Removing Purl Dash Lines

Purl dash lines can drive a knitter crazy! This post is dedicated to removing them. Or rather make sure they are kept on the wrong side of your work where you won’t have to see them 🙂

These little buggers can make or break a project when mixing colorwork with textured patterns. Let’s see what we can do about them.

How to remove purl dash lines from knitting?

The trick is to change color on a row with only one type of stitch. Either a right side row with only knits or a wrong side row with only purls.

Look for knitting stitch patterns that include a row of only knits on a right side row or only purls on a wrong side row. Use these rows for changing the color.

For example, when knitting basket weave there’s often a row of only knit stitches between the two sets of “weaves”. This knit row is your chance to change color without adding a purl dash line.

Many textured patterns have these rows, but not all.

Add a knit or purl row to a knitting stitch pattern

If the stitch pattern you want to use don’t have a row of only knits or purls included, you can always add one.

(In the video below you can see how it looks when I add a row of knit stitches seed stitch.)

The color change draws attention and it may or may not be obvious that you have manipulated the pattern. Or, as I like to put it, created a new stitch pattern!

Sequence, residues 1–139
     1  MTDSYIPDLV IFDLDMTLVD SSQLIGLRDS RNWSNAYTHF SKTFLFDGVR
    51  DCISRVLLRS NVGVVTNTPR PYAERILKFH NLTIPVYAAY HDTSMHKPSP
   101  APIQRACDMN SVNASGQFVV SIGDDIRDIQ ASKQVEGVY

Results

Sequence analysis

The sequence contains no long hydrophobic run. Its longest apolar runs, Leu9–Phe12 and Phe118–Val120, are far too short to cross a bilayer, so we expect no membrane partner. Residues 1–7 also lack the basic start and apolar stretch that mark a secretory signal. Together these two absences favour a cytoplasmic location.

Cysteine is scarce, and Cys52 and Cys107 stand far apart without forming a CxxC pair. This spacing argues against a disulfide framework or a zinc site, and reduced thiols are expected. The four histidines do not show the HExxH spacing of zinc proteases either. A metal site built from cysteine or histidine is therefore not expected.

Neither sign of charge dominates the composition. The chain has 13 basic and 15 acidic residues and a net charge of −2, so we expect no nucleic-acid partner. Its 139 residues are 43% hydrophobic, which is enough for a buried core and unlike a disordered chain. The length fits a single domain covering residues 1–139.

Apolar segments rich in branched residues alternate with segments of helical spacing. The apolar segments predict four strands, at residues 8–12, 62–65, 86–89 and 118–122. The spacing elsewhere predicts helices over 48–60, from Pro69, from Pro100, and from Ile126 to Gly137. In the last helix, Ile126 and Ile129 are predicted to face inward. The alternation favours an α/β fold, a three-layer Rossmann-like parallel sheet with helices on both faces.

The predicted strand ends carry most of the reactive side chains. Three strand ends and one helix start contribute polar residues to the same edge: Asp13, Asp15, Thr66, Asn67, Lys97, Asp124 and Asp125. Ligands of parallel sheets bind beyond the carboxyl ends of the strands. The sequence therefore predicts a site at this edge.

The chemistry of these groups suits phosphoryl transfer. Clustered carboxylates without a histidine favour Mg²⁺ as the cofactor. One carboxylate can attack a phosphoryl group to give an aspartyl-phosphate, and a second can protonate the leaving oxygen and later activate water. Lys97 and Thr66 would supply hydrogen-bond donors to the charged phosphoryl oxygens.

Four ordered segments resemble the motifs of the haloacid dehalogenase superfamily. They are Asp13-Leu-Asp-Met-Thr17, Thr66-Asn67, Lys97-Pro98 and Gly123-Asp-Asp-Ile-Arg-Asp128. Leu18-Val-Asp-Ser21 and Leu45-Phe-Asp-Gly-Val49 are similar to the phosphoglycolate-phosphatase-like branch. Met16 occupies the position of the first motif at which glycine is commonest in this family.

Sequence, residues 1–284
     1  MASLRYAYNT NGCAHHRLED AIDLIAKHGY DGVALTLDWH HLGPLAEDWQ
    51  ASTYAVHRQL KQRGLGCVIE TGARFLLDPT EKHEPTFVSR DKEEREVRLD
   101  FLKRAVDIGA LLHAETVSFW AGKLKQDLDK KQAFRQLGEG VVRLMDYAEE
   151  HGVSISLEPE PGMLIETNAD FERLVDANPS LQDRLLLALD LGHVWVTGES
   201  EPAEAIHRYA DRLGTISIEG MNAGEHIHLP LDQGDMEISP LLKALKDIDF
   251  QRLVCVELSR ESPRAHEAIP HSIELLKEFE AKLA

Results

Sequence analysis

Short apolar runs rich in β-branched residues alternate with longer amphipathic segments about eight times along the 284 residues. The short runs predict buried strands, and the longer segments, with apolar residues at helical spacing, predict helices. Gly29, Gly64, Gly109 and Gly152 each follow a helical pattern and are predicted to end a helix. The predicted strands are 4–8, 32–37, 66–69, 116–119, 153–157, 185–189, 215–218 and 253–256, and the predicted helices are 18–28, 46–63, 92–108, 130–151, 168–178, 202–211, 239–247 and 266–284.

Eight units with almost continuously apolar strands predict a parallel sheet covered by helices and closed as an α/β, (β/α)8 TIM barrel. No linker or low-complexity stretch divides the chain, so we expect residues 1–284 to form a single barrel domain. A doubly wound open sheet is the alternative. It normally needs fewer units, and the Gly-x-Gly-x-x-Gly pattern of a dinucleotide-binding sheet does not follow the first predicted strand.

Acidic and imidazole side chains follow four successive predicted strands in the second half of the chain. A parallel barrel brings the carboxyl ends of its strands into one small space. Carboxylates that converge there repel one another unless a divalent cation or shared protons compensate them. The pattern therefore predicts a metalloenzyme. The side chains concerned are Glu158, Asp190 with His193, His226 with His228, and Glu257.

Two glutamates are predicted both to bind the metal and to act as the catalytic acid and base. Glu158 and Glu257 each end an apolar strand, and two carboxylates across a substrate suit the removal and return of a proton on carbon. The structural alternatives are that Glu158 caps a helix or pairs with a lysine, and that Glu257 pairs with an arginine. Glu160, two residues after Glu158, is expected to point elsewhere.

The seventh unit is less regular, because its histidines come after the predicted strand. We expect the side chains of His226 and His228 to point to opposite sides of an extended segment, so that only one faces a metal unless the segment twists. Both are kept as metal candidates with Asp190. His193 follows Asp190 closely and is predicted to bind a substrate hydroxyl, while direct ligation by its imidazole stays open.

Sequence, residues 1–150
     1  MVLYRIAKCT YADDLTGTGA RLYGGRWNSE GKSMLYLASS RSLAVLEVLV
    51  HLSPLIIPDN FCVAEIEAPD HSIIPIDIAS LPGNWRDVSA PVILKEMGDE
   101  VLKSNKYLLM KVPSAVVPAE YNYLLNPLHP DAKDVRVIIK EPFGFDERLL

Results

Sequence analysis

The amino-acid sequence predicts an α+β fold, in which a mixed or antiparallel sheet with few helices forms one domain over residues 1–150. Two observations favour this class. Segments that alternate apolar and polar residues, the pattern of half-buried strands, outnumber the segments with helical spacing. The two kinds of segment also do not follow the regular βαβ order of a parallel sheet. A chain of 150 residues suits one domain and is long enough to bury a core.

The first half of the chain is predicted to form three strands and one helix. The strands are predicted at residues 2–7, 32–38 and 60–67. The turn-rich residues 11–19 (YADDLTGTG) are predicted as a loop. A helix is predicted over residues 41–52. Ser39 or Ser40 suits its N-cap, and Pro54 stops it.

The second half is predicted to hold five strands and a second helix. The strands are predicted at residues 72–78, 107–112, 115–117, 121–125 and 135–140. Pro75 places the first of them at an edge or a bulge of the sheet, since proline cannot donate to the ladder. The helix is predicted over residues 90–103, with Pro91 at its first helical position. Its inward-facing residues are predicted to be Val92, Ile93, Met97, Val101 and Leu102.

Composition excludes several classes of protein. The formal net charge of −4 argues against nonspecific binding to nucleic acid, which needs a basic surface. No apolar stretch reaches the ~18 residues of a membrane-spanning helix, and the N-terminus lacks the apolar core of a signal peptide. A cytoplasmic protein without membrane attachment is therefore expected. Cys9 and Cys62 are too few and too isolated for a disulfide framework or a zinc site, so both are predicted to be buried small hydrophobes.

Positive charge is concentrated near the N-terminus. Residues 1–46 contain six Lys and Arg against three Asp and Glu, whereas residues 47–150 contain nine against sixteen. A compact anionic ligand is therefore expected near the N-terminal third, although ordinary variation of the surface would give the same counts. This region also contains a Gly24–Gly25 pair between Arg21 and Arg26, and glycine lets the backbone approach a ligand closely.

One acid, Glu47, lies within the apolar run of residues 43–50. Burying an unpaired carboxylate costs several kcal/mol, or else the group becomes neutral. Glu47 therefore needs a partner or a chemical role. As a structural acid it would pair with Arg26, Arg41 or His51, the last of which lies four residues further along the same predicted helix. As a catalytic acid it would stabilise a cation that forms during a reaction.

The only way to know if it will look good is to give it a try. Swatches are great for this.

I often try things directly on my project, which also often leads to a lot of ripping out. Adding a lifeline before such adventures can save you time and trouble… If you didn’t, you can do it afterward too!

Knitting video: removing purl dashes

In the video, I show how to add a row of knit stitches to seed stitch. The difference is huge!

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Why do purl dash lines appear?

Purl dash lines appear when changing colors. If you purl with a new color on a right side row or knit with a new color on a wrong side row.

When we knit stockinette stitch all stitches on the right side are knit stitches and all the stitches on the wrong side are purled. Therefore all purl dashes end up at the back of the work without you having to think about it.

But when we create textured patterns we mix knit and purl stitches on both the right and the wrong side of the work. Which leads to purl dashes appearing on the front/right side of the work.

Your next read:
––> Knitting neat stripes in garter stitch
––> Using lifelines and afterthought lines
––> Knitting one row stripes flat